It isn't always a common occurrence to have a distance and bearing to a particular location, but given my choice in airline for winter break, I had exactly that. So during our first class back from the break, I asked students to figure out where I was when I took this picture:
Students scrambled to open up various online maps and make sketches. The students settled on a range of answers. Then I showed them this:
We had a quick discussion about assumptions. Then students looked again and talked to each other while revising their answers. Once they were satisfied with their answers again, I shared the correct answer.
This led into a nice discussion of the mathematics exploration project that is submitted as the internal assessment of the IB mathematics courses. The students know that I take pictures and videos of this sort of thing all the time - it's a habit instilled in me by someone we all know. The students said though that they don't usually see math in the things around them, which is a problem given that the math exploration is supposed to come from them.
My recommendation, which comes partly from Dan's suggestions, is just to start. I told the students that any time they see something interesting or beautiful when they're walking around, to take a picture of it to review later. With some time between seeing it and reviewing it, they should ask themselves why it interested them. What is it that makes the picture beautiful? Are there patterns? Is it organized in an interesting way? I also shared my RSS reader on Feed.ly and how I save articles that interest me and tag them accordingly. This is how I find interesting ideas to share with the class - they should do the same to figure out what might be a good source of material for their work.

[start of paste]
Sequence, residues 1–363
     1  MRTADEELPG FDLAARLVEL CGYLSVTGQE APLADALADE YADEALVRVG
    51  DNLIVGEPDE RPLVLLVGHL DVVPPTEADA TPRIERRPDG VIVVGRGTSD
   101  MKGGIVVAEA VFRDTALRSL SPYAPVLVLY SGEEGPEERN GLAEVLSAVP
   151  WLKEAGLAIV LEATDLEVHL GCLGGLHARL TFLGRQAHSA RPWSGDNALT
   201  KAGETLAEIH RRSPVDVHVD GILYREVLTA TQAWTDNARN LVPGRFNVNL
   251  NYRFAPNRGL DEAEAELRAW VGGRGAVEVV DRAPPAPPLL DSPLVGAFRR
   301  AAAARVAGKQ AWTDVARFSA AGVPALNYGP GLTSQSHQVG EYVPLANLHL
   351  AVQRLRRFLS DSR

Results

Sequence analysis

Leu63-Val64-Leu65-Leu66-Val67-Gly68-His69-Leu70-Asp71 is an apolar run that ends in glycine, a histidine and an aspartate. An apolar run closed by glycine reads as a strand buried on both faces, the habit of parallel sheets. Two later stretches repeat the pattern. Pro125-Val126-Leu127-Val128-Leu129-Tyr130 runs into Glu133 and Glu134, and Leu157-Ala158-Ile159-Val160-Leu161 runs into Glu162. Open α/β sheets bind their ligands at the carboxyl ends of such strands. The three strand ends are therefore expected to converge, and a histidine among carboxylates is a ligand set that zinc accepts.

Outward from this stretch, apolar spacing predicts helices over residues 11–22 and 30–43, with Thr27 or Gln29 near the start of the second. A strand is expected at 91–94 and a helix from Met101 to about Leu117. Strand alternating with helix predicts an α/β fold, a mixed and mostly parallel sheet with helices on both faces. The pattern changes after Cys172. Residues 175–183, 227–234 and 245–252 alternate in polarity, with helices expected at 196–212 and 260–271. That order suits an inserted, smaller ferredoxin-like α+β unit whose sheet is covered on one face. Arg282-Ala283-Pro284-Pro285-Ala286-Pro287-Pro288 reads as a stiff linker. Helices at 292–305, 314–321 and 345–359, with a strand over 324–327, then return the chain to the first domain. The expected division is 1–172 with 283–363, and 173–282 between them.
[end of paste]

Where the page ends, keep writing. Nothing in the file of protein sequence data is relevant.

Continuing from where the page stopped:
We have had several discussions in class about what this exploration will be about, but the emphasis has really been on something that interests them. Having students be curators of their own 'interesting-stuff' collection now seems the most obvious way to get them started.